When you have a 4-wired device, you need to connect the resistor from the positive to the negative output of the transmitter and then connect the field communicator in parallel to the resistor.
How to calibrate using a HART communicator?
I’ll answer your question with another question, what does calibration mean to you?During calibration, the HART communicator is a valuable tool, but I think the meaning of calibration is misunderstood sometimes.
When we are doing a calibration, we are comparing a device under calibration with a reference device with better accuracy and all the necessary certification.
This means that during calibration you only compare the measuring range from the device under calibration with that of the high-accuracy device.
If after you check the measuring range, you find an error higher than recommended, then you need to adjust the device. So, during the calibration, the HART communicator can be the tool to check if all the setups are right, show the measured values, and that’s it.
Should you need to adjust the slope or offset trim, the HART communicator will also help you. It is an essential tool to give you access to the menu tree, and then you’ll be able to make the necessary modifications.
How to update the HART communicator?
The procedure to update the HART communicator is simple, but why do you need to keep it updated? The idea is simple: HART communicators have a database with all the files you need to access the field device’s menu.
Usually, you find handhelds/communicators using Device Descriptions (DD) or Device Type Manager (DTM) files. In both scenarios, these files will work as a driver giving you access to the information of the device connected to the field communicator.
When you don’t have these files available, your HART communicator will give generic access to the device. It means you won’t have full access to the entire configuration tree. Your access will be limited to some basic configuration for the device and you won’t be allowed to change many things.
The communicator update can be related to a software update to get new features or to install new drivers to provide access to more devices. How this procedure is done depends on the communicator you are using.
For instance, the Field Xpert SMT70 has an automatic DTM update. The procedure, as I said, is super straightforward. You click on the cloud symbol in the status bar, then sign up, choose one type of subscription and download the files. Simple, huh?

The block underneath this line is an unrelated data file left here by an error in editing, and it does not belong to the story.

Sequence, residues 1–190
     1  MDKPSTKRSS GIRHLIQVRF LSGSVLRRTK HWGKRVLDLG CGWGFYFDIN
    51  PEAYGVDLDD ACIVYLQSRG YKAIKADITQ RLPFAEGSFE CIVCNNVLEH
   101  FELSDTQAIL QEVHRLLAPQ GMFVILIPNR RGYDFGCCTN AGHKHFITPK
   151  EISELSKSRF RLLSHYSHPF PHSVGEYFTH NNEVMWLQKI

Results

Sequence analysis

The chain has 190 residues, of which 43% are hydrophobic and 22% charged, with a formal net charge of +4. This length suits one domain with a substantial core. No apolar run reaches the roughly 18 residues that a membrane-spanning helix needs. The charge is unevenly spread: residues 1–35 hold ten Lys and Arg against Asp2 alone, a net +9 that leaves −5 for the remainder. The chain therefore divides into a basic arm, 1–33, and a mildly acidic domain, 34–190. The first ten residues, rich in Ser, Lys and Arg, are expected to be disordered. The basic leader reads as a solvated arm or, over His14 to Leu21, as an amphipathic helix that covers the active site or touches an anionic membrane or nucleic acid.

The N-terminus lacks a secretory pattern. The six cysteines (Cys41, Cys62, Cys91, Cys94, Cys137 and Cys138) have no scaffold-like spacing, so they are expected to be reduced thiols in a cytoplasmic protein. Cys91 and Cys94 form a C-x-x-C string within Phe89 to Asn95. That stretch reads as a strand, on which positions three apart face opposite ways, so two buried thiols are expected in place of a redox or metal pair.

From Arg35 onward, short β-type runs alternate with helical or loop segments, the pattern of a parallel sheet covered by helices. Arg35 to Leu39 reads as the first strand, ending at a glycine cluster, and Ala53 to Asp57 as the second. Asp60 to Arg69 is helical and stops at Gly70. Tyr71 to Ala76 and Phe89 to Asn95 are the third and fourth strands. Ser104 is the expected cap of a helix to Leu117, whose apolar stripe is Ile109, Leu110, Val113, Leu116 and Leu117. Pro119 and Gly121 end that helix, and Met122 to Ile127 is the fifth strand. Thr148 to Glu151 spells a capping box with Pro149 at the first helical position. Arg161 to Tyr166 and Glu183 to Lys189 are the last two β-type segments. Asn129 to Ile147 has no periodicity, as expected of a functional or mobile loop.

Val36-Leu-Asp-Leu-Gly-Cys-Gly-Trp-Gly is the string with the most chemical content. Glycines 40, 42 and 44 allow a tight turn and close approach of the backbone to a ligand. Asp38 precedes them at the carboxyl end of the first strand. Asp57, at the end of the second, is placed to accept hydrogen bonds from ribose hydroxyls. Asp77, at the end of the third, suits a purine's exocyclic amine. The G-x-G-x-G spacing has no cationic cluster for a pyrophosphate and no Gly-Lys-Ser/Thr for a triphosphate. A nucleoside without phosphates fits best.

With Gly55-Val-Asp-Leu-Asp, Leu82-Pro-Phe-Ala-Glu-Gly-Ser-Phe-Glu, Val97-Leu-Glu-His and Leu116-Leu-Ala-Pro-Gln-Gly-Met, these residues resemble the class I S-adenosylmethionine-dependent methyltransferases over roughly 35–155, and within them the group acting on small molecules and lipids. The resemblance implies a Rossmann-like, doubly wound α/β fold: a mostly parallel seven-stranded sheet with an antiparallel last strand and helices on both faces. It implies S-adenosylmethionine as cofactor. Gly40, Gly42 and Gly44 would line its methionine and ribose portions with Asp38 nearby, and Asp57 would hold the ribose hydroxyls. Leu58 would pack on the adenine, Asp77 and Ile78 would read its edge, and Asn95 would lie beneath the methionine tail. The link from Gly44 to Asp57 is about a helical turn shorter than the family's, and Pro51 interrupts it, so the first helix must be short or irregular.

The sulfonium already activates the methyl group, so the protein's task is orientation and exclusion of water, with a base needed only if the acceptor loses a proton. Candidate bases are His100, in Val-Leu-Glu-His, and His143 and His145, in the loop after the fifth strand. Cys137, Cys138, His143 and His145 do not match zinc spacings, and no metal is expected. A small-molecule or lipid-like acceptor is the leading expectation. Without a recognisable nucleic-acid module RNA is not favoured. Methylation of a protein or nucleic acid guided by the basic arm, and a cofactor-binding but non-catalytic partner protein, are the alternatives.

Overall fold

What is the best HART communicator?
This question is a tricky one, but I can give you a list of relevant points to help you to find the best HART communicator for your purposes. From my point of view, the user should define the best tool.
This is a very personal point, but many factors can help you to find the answer to this question. Just ask yourself
- Is it my HART communicator a flexible device? I mean, can I use it to do other types of activities?
- How complicated is the update procedure for my HART communicator?
- Do I have excellent technical support for my device?
- How simple is the user experience – is it good?
- Can I use it to set up devices from many vendors and with different protocols?
These questions can help you to find the best HART communicator for your personal use.
What are the benefits of a HART communicator?
More and more, HART communicators are becoming universal tools - where you have a tablet with the software to set up your field devices using different protocols and additional tools. In the past, the field communicators used to be only for setting up devices, nowadays they bring more features.
For instance, you can use your universal tablet to make reports and then take and attach pictures of the field device concerned. In addition, you can add any windows application to it, giving a wide range of additional possibilities.
Today, with the Bluetooth and Wi-Fi connectivity in the field, you can get access to the field device using wireless and save an awful lot of time when configuring and checking the status of the devices.
Finally, Industrial Internet of Things services can work together with the tablets. You have all the smart information regarding your installed base, health, and more in your field tablet.
How to use the HART communicator in IIoT Solution?
You have many possibilities with the latest HART configurators. However, one cool feature to mention here is how to use it to manage the working files and the digital asset twins. I will use as an example the Netilion Library working together with Field Xpert.
First, when we talk about Netilion Library, we are talking about an IIoT service that helps you to organize and save all the working files and documents concerning your assets. Netilion Library can be accessed using different devices, such as your smartphone and laptop, no matter where you are.
When you have an industrial tablet PC, such as Field Xpert, you have a crucial tool for field engineers and field technicians. It’s so important to get easy access to all field device documentation, configuration details, reports, tasks etc.
By combining Field Xpert with Netilion, you get a robust solution, where you can save a lot of time finding all the documents concerning your device and you can share the files with all your team.
You can try out Netilion Library for free and see how simple it is to organize your working files and have access to them wherever you are.
That's it, I think I am done.